the bottom line is that the tea party got too full of itself with help from certain characters whose names you'll want to remember when things go south. They include, among others, media personalities who need no further recognition; a handful of media-created "leaders," including Tea Party Nation founder Judson Phillips and Tea Party Patriots co-founders Jenny Beth Martin and Mark Meckler (both Phillips and Martin declared bankruptcy, yet they're advising tea party Republicans on debt?); a handful of outside groups who love to hurl ad hominems such as "elite" and "inside the Beltway" when talking about people like Boehner when they are, in fact, the elite (FreedomWorks, Heritage Action, Club for Growth, National Taxpayers Union, Americans for Prosperity); and elected leaders such as Minnesota Rep. Michele Bachmann, Ohio Rep. Jim Jordan, head of the Republican Study Committee, and South Carolina Sen. Jim DeMint, who grandstand and make political assertions and promises that are sheer fantasy. ...

    Hubris is no one's friend and irony is a nag. The tea partyers [sic] who wanted to oust Barack Obama have greatly enhanced his chances for re-election by undermining their own leader and damaging the country in the process. The debt ceiling may have been raised and the crisis averted by the time this column appears, but that event should not erase the memory of what transpired. The tea party was a movement that changed the conversation in Washington, but it has steeped too long and has become toxic.

    It's time to toss it out.
    "The Tea Fragger Party".

    Batista crowd panicking

    "Cuba approves flights from 9 more American cities, including Tampa and Fort Lauderdale".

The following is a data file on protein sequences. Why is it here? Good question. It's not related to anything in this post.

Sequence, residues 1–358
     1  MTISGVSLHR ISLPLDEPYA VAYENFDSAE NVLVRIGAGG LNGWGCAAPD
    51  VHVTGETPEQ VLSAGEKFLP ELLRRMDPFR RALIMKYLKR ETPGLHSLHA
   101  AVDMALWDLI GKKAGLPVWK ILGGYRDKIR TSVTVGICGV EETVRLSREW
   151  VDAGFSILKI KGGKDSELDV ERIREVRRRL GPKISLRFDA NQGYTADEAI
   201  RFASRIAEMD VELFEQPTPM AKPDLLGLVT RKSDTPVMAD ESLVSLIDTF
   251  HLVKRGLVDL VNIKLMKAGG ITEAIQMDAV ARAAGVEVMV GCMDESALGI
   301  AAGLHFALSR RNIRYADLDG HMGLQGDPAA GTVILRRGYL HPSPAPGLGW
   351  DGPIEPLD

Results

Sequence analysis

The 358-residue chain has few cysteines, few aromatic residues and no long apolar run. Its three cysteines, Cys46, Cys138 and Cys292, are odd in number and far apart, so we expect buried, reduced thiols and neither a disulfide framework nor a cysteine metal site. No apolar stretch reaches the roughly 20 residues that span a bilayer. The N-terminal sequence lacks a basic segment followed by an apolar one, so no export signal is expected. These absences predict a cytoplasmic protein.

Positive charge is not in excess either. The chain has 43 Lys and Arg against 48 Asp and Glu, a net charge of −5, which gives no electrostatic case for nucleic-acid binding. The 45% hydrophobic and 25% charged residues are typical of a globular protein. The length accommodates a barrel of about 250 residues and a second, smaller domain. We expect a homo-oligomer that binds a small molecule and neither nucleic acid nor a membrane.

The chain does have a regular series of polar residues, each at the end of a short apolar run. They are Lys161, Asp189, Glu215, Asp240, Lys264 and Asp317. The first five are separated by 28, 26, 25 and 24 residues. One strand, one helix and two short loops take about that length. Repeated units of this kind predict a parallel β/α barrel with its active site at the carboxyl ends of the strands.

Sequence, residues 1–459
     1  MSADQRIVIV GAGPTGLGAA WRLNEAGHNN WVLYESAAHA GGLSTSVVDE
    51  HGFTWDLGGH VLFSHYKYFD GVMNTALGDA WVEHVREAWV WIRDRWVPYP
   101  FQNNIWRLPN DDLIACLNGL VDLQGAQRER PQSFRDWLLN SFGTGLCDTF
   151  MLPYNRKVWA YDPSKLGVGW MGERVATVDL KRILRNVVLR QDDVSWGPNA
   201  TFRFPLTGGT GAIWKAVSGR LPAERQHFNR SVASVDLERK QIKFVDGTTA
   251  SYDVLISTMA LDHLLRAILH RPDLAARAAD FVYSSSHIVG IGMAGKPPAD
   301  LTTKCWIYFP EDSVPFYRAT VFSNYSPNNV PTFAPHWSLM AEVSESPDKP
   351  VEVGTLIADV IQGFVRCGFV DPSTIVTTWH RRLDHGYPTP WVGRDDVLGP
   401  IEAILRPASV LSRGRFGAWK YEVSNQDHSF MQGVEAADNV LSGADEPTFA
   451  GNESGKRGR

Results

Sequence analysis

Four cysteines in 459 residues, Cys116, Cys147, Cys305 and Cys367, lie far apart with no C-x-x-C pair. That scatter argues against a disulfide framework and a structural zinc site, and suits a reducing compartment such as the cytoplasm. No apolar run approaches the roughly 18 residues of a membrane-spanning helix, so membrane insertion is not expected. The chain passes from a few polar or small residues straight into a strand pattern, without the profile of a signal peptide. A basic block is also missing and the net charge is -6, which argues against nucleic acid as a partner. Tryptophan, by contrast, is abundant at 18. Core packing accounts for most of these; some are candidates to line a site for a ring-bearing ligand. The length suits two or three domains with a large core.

Derby: Some Candidates Wilting

    Kevin Derby: "In GOP's Growing Presidential Field, Some Candidates Wilt".

    Turning higher education into a factory

    "Here's a piece of advice for college freshmen in Florida who plan to earn a bachelor's degree at a public university: Know what you want to study in advance, or it could cost you a lot more on the tail end. In a push to save money and force students to finish their studies as fast as possible, Florida's public universities have doubled the fee they charge students who take more classes than they need for graduation." "College students: Know your major or you may pay double".

    Wingnut parade

    "Presidential hopeful Rep. Michele Bachmann, R-Minn., is scheduled to speak at CPAC FL in September. The American Conservative Union event — its first regional Conservative Political Action Conference — will be held in Orlando." "Bachmann adds second Florida conservative event to schedule".

    "Research Desk"

    "Scott names new agency heads, Jotkoff leaves FL Democratic Party, and Veterans' Hall of Fame Controversy". See also "Florida drug law unconstitutional, Lethal injection drug challenge, Randolph wants to see redistricting lawsuit billing records", "Keck to leave Department of Citrus, Rep Bullard hosts agriculture roundtable, Group fights citrus greening" and "Haridopolos comments on Senate race, Bachmann joins CPAC FL, Tracking campaign donations from developer Catalfumo".